Critical Moment | Brunswick Group
Brunswick Review The Resilience Issue

Critical Moment

July 20, 1969: “One giant leap for mankind.”

The most distant leg of Nasa’s Apollo 11 mission saw the lunar module, or LEM, detach from the orbiting space capsule and head to the Moon’s surface. Astronaut Neil Armstrong could see the landing target, in a vast area named the Sea of Tranquility, was strewn with boulders. Taking control manually, he glided over the surface in search of smoother terrain, with fuel perilously low. Too far and he and his partner Buzz Aldrin would have to abort the mission. But a rocky landing that damaged the LEM could have left them to die on the surface.


Neil Armstrong, the first person to set foot on the Moon, is reflected in the visor of the second, Buzz Aldrin, as he snapped this photo. The two spent a total of 22 hours on the Moon while the third astronaut on the US NASA mission, Michael Collins, waited for them in the Apollo 11 Command Module in lunar orbit.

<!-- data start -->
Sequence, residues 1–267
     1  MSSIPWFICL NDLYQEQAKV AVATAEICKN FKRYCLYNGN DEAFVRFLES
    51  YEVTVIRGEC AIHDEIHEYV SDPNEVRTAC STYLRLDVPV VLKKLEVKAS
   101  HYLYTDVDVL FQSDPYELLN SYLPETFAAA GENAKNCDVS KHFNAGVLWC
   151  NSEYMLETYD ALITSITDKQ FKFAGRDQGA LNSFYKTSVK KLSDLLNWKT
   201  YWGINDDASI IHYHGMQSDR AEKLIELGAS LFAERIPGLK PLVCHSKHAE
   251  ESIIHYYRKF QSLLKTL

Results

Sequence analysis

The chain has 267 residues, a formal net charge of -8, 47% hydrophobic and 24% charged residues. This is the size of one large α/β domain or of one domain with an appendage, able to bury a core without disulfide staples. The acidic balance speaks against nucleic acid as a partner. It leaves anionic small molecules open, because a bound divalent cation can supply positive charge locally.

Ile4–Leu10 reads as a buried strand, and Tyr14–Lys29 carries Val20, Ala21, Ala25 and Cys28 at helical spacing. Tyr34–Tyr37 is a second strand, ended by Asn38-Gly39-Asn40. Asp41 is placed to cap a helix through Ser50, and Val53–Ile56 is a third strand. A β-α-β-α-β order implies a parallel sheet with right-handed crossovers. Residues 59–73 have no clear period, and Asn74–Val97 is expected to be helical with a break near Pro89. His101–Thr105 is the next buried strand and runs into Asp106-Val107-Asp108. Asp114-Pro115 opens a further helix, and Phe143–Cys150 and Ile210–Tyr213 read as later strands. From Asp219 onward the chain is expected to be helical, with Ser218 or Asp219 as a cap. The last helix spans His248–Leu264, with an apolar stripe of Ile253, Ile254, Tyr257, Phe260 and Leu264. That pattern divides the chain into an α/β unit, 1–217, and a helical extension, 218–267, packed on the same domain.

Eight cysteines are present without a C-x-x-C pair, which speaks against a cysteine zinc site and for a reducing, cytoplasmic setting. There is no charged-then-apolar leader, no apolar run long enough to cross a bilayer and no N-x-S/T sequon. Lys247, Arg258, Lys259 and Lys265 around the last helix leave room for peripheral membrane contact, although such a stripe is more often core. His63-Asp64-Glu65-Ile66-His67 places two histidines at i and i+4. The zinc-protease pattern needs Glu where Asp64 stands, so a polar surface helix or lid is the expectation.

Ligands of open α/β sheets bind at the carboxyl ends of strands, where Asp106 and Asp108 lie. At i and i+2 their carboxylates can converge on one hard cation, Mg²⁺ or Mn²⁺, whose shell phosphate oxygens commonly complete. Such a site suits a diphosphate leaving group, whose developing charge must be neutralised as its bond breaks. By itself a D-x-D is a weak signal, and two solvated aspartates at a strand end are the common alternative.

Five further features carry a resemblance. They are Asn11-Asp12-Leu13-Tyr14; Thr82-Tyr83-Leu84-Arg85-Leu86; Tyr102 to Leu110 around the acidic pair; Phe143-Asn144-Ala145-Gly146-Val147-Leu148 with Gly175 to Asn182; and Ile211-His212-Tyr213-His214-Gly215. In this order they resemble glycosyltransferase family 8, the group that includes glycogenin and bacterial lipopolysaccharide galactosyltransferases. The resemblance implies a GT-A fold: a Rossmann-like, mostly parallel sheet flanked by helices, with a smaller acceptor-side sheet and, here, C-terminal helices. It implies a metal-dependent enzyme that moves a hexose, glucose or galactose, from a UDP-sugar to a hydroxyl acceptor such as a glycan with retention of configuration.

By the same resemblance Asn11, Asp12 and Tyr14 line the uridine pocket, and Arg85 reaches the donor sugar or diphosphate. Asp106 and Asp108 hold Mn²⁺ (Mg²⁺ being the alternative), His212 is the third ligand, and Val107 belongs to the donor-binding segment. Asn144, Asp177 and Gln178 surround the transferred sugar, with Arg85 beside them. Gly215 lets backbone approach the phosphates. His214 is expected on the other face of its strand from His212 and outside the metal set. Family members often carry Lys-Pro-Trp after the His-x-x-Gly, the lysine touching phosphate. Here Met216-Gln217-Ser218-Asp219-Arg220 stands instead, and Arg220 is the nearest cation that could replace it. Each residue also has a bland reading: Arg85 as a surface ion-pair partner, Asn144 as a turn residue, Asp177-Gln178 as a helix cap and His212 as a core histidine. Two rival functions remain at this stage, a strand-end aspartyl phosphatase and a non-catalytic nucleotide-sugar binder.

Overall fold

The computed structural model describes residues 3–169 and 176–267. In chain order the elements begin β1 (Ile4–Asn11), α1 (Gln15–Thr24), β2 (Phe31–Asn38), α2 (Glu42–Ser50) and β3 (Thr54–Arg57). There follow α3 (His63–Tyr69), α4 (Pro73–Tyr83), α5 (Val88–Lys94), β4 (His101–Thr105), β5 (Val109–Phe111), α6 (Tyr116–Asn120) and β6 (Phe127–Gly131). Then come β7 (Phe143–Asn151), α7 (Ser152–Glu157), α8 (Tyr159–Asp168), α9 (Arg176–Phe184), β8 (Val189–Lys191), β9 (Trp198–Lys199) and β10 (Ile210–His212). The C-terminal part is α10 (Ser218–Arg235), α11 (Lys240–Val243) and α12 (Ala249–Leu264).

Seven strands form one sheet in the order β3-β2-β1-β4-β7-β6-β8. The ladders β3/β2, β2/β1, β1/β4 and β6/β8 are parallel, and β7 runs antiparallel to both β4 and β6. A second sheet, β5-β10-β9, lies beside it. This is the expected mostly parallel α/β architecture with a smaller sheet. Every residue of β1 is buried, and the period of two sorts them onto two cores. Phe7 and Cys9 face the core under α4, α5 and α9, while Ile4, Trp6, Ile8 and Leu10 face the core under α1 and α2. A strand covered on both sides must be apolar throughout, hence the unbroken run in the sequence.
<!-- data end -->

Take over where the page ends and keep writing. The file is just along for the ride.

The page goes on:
The pair also carried the hopes and fortunes of an entire planet. For a moment, suspended over the surface of that distant world, the two men represented the entire species. Earth held its breath.

A gentle touchdown, with less than 30 seconds of fuel remaining, left the LEM safe in a flat plain. Seven hours later, an estimated 600 million watched on TV as Mr. Armstrong stepped onto the surface with the instantly famous pronouncement, “That was one small step for a man, one giant leap for mankind.” Along with NASA’s breathtaking photos of the Earth, the event permanently altered our view of our planet, our species and our place in the universe.

Today, 50 years later, only 12 men, all NASA astronauts, have walked on the Moon. No manned lunar mission has been launched since 1972. But that pause appears to be coming to an end. The US, Japan, India, Russia, Germany and the UK have all sent probes to the Moon. China recently made history by putting a rover on the far side of the Moon—a major milestone. Both the US and China have expressed interest in restarting manned missions.

And this time, humanity isn’t waiting. Israeli nonprofit SpaceIL this year became the first private business to send its own unmanned probe, which made it to the Moon, though it crashed on the surface. Elon Musk’s SpaceX and Jeff Bezos’ Blue Origin are both eyeing lunar tourism in the next decade. The next person to walk on the Moon could be anyone.

Carlton Wilkinson is Managing Editor of the Brunswick Review.

Photograph courtesy of

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